Five cracks rang out across the valley followed by four distinctly audible “pings” as the distant target was struck, just one bullet going astray.
“Four out of five, that’s a great shoot,” said Weldon as the pair disappeared to the next stand. “They’re the top snipers that we have. . . Everyone thinks sniping is all about lying on a nice piece of grass and shooting. That’s not the fact of it. We all shoot from crazy, awful positions like that.”
From Monday to Thursday, 36 competitors from defence forces in Ireland, the US, UK and Germany took part in the 2017 Defence Forces International Marksmanship Skills Competition run in the Glen of Imaal, Co Wicklow, by the Infantry Weapons Wing (IWW) of the Defence Forces.
Many of the international participants were from their respective countries’ special forces units, including US Navy Seals and the Deutsche Marine Sea Battalion reconnaissance company sniper platoon. From the UK, there were two infantry teams from the Royal Irish Regiment (RIR) 1 Battalion sniper platoon.
Snipers and spotters
Ireland’s anti-terrorist special forces unit, the Army Ranger Wing, also took part, as did about a dozen pairs of snipers and spotters from ordinary infantry and cavalry units around the country.
The Army Rangers have earned considerable international standing in recent years, winning the 2015 US Sniper Competition run by the American military at Ford Benning in Georgia, the first foreign team to take both the international and overall categories.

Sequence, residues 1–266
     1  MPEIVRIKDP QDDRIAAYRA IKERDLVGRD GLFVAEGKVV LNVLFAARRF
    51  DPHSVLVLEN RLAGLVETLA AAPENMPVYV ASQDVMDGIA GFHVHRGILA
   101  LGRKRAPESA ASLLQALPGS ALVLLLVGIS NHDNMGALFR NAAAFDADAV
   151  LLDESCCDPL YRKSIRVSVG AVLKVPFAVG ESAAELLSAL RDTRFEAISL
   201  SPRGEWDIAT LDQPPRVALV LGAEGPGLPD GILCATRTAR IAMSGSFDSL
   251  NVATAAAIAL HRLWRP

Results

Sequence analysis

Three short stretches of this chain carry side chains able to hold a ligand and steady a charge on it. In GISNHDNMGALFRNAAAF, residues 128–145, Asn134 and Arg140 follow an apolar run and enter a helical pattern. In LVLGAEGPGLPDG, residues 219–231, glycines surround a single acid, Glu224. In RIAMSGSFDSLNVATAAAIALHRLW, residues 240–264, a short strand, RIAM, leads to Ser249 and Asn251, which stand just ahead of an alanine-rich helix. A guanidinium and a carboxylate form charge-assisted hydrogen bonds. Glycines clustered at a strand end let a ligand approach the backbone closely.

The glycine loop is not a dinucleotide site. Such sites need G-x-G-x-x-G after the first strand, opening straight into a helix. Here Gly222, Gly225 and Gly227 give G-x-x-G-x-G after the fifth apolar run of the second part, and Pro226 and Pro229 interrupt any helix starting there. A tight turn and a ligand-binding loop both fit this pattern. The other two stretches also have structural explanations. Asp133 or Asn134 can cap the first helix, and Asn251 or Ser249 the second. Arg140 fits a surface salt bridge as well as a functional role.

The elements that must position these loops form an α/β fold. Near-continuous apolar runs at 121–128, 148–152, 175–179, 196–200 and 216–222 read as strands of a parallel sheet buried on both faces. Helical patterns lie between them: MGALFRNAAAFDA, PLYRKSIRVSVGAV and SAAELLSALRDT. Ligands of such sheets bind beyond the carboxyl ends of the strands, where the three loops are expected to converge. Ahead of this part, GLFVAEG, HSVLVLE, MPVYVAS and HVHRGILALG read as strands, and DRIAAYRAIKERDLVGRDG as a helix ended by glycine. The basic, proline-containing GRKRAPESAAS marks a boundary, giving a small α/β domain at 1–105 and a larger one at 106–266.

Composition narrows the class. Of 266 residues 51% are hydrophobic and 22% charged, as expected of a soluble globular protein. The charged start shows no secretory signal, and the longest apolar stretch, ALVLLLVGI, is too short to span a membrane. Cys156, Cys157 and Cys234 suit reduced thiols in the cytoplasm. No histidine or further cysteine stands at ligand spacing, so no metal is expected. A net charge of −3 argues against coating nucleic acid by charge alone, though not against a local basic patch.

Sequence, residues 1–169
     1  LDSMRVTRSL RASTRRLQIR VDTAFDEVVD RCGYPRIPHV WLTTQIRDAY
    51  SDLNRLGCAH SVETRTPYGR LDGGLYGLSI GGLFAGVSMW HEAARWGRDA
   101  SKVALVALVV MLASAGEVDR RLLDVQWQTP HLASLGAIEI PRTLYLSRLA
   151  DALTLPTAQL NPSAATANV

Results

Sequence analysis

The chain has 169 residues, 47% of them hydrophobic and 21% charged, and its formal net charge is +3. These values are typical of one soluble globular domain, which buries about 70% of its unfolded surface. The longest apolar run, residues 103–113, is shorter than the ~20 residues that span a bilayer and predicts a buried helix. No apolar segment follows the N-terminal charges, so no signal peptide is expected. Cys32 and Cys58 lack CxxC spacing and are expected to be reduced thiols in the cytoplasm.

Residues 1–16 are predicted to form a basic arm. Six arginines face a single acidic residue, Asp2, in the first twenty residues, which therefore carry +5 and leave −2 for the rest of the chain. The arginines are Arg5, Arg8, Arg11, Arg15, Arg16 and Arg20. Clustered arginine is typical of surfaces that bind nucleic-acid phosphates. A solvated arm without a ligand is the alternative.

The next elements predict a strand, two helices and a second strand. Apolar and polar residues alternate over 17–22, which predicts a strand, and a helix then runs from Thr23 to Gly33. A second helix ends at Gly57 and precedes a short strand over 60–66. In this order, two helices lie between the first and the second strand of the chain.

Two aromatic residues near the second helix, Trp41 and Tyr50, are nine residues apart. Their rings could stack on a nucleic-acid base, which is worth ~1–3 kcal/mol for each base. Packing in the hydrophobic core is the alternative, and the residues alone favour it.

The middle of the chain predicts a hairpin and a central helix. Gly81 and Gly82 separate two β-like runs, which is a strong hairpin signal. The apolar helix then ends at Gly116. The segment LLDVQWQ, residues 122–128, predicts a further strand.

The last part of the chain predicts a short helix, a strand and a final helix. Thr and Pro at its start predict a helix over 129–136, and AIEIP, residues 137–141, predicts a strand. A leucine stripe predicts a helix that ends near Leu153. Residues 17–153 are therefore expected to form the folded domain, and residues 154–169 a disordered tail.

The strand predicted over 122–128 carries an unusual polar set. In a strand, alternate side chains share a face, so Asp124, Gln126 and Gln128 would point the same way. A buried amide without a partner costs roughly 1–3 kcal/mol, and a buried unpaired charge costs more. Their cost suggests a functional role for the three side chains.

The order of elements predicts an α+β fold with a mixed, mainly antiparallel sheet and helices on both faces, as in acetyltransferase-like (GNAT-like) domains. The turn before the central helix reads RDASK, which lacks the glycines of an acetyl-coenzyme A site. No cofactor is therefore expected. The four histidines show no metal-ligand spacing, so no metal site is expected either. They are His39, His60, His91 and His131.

Army Rangers snipers kept a low profile in the Glen of Imaal, letting their shooting do the talking.
Thursday was stress day – five shooting situations (they call them stands), each several hundred metres apart, to be completed within 30 minutes, testing accuracy and judgment under pressure. All under the gaze of the chief of staff, Vice Admiral Mark Mellett, the British and US military attachés and some reporters.
“Nothing this week has been easy,” said Comdt Kenneth O’Rourke, chief umpire and chief instructor in the IWW. “They’re under pressure. Their heart rate’s up. We don’t see high scores at events like this.”
At Stand 2, the pressure was palpable as two RIR member tried close-range pistol shooting at a static and a moving target – 10 bullets each; time limit was two minutes.